ingly high number of bacterial species [5]. Studies have
shown that we have approximately the same or more
number of bacteria in and on our body as compared to
our own body cells [6]. Most of these bacterial species
cannot be cultured in the commercially available culture
media [7]. It is also predicted that a large number of bac-
teria species in the environment also cannot be cultured
due to the lack of appropriate media which are needed
for their growth [6]. is is the main driving force behind
the constant effort for the formulation and development
of newer media for culture of bacteria [810]. Such new
Open Access
BMC Research Notes
*Correspondence: ashfaque@rakmhsu.ac.ae
2 Central Research Laboratory, RAK Medical and Health Sciences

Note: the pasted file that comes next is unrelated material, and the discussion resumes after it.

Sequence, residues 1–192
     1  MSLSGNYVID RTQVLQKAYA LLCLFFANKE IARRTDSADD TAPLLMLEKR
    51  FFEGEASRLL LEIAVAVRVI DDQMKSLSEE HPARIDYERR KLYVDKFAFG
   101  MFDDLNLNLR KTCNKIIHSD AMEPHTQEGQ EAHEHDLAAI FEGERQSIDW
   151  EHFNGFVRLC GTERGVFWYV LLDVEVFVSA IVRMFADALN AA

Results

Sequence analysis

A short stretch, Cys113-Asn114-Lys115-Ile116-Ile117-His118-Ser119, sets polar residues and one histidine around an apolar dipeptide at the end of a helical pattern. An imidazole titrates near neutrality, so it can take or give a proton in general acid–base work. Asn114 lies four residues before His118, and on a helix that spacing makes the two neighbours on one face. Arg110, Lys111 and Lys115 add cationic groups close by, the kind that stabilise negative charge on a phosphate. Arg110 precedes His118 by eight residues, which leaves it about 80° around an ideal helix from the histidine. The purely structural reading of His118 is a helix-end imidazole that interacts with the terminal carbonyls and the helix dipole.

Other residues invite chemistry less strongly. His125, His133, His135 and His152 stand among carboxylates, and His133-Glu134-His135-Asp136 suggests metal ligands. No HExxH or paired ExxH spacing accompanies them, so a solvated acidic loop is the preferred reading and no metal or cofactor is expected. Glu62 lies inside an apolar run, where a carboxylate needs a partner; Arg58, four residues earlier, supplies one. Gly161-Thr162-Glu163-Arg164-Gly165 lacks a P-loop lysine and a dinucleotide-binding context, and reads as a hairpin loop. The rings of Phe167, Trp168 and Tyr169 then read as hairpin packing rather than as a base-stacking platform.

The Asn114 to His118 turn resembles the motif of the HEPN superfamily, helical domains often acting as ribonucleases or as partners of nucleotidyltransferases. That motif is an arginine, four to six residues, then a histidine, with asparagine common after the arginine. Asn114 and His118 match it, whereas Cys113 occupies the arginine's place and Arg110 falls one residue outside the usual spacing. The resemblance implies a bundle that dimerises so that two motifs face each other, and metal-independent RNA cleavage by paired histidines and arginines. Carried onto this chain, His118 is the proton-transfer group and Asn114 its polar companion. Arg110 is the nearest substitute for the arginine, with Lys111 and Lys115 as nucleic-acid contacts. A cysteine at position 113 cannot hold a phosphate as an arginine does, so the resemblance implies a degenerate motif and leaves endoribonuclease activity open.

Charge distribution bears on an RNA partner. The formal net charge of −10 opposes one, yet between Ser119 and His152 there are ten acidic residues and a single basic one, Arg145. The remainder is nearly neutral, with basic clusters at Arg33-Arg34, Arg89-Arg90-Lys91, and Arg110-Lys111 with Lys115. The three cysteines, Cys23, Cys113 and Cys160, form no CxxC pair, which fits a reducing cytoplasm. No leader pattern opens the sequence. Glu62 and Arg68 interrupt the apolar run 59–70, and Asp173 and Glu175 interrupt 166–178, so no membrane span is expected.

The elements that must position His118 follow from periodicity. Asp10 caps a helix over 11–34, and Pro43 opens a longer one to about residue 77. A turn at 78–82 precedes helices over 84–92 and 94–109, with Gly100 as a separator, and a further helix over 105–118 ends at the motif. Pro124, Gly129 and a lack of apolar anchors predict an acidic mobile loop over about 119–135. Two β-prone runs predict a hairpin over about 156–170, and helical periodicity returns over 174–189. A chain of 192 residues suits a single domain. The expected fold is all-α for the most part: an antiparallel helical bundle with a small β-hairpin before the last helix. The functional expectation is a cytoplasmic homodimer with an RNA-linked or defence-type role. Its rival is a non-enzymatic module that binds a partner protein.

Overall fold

University, Ras Al Khaimah, United Arab Emirates
Full list of author information is available at the end of the article
Page 2 of 6
Al‑blooshietal. BMC Res Notes (2021) 14:211
media will allow scientists to grow and study currently
un-culturable bacterial species.
Plants are rich in a wide variety of chemical compounds
such as tannins, terpenoids, alkaloids, and flavonoids
which have been found to possess antimicrobial prop-
erties against wide variety of bacterial pathogens. Since
prehistoric times, traditional healers have used plants
to prevent or cure infectious conditions [11]. Cloves
are aromatic flower buds of the tree, Syzygium aromati-
cum. ey have been widely known for their antibacte-
rial, antiviral and antifungal properties and also for their
use in herbal medicine for centuries. Cloves are used as
a spice in cooking different types of food items and also
used in food preservations for its antimicrobial effect
with no known side effects. Clove essential oil (CEO) is
traditionally used in the treatment of burns and wounds,
and as a pain reliever in dental care as well as treating
tooth infections and toothache [12]. e extracts of clove
exhibit antimicrobial effect on multidrug resistant micro-
organisms as well as methicillin-resistant Staphylococcus